Star Trek (1966–1969)
23 user 11 critic

The Devil in the Dark 

The Enterprise is sent to a mining colony that is being terrorized by a mysterious monster.



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Episode complete credited cast:
Brad Weston ...
George Allen ...
Engineer #1 (as George E. Allen)
Jon Cavett ...


The Enterprise travels to the planet Janus 6 to assist the mining colony there. Kirk, Spock and McCoy beam down to the planet where Chief Engineer Vanderberg tells of a creature loose in the mine tunnels killing some of his men. The monster seems to appear out nowhere then disappears just as quickly. Finding that the creature, known as a Horta, lives in a newly opened part of the underground mining complex, Spock uses the Vulcan mind meld to determine why it is killing the miners. Written by garykmcd

Plot Summary | Plot Synopsis

Plot Keywords:

creature | colony | planet | vulcan | miner | See All (17) »


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Release Date:

9 March 1967 (USA)  »

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Technical Specs


Sound Mix:


Aspect Ratio:

1.33 : 1
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Did You Know?


Leonard Nimoy identified this episode's closing banter between Spock and Kirk as one of his favourite scenes to perform. He noted, "It was a wonderful moment which defined the relationship and defined the whole Spock character's existence and his attitude about himself." See more »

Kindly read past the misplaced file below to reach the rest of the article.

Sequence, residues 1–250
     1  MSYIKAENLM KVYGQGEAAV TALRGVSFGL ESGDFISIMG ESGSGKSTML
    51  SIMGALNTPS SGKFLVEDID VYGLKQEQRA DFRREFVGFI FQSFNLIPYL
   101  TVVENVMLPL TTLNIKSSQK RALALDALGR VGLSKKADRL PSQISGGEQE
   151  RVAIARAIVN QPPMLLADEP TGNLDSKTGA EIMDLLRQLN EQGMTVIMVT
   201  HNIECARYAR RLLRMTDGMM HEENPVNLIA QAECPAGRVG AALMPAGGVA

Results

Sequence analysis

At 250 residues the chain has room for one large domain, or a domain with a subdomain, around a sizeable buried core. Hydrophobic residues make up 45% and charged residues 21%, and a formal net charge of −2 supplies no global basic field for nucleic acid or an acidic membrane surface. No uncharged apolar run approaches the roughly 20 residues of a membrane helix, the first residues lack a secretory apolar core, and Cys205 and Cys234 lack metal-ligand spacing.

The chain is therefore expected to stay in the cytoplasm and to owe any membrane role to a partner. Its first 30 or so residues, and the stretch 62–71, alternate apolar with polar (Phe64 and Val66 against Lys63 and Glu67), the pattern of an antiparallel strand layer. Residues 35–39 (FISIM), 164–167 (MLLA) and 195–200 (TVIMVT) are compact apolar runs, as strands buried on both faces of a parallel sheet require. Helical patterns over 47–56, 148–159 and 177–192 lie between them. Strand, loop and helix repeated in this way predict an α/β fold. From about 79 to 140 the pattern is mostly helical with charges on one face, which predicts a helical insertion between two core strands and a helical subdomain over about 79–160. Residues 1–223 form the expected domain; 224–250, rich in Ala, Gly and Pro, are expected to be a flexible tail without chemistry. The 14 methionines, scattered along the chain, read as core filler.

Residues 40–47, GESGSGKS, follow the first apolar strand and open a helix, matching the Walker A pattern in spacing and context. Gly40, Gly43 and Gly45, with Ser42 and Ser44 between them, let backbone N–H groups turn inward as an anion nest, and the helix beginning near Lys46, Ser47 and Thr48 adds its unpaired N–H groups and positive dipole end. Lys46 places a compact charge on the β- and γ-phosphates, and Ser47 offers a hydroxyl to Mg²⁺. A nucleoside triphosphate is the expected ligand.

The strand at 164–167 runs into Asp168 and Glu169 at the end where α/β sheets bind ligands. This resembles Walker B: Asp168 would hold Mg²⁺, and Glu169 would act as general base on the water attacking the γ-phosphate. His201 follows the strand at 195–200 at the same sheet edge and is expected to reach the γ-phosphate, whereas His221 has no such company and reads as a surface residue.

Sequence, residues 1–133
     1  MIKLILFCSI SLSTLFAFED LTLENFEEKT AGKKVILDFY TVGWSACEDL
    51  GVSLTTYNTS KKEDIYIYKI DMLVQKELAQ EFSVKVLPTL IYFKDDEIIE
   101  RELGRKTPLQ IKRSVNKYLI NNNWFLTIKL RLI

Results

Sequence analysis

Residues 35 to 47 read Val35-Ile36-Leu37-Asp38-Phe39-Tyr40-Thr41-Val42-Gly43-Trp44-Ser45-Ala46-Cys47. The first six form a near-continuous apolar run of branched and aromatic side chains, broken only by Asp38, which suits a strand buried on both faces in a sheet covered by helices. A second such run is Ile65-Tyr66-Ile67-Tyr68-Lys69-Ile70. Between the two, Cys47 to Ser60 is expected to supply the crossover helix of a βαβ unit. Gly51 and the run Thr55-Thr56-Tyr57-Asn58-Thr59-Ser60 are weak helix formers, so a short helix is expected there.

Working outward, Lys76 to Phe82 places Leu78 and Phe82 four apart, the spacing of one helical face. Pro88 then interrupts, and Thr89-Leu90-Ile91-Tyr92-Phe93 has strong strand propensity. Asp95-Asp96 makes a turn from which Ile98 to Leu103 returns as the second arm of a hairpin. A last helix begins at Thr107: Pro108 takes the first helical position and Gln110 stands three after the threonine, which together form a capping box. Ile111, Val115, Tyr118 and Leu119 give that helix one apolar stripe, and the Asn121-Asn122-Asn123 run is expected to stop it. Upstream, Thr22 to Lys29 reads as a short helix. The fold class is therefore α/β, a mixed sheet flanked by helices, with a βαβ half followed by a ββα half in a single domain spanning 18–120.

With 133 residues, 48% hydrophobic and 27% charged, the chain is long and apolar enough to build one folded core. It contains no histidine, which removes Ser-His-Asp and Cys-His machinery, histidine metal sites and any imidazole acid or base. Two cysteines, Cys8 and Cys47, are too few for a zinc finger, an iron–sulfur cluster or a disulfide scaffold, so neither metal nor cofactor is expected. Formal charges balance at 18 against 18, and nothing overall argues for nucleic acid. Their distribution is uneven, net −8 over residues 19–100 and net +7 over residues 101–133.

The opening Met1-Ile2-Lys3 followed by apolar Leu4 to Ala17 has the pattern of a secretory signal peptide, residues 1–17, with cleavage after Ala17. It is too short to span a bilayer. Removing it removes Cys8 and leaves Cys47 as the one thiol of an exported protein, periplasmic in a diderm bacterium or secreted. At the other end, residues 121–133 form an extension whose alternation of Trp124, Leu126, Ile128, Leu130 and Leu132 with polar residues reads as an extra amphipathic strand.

When Kirk is cornered by the Horta, a shot from behind shows that it is a stunt double leveling his phaser at the monster. See more »


Chief Vanderberg: When that creature appears, men die.
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Referenced in South Park: Spookyfish (1998) See more »


Star Trek Theme
Written by Alexander Courage
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User Reviews

"Just as any mother would fight to save her children..."
4 June 2009 | by (The San Francisco Bay Area) – See all my reviews

In 1975 a friend of the family took me to a local JC in Sacramento for one of the first "Star Trek" conventions. I remember someone had taken some electrical tape and spelled out on the floor in the foyer at the convention entrance "NO KILL I".

The homage paid by this act reflects the importance of the social trend and awareness happening at the time. The country (the western world in fact) had just come off of one social upheaval in the midst of the Cold War, and was entering another. Trek was ahead of the curve by telling another great parable regarding not just a conservationist message, not just an environmental message, but one that levels a finger at mankind in his treatment of other living creatures.

This episode hits empathetic folks on a gut level. My mother included (or especially I should say), for while watching this episode with me (one of the few times she and I watched Trek together) she sternly agreed with Captain Kirk when Shatner's character berates Jarvis for the wanton and irresponsible acts of destruction.

It's not just a warning for today's companies and their forefathers, however still relevant and timely. It's more than that. It's a future warning to mankind, and any sentient who would mindlessly exploit that of which they knew nothing.

Another review comments on the thesping by Shatner and Nimoy. I agree that it's high caliber. The matte painting of the mining facility is what it is, as is the Horta itself. It is, after all, 1960's sci-fi TV. Even so, I'm hard pressed to find better props used in today's TV offerings (part of the reason I don't watch too much contemporary television anymore). Good shots, good dialog, good story, and a profound theme.


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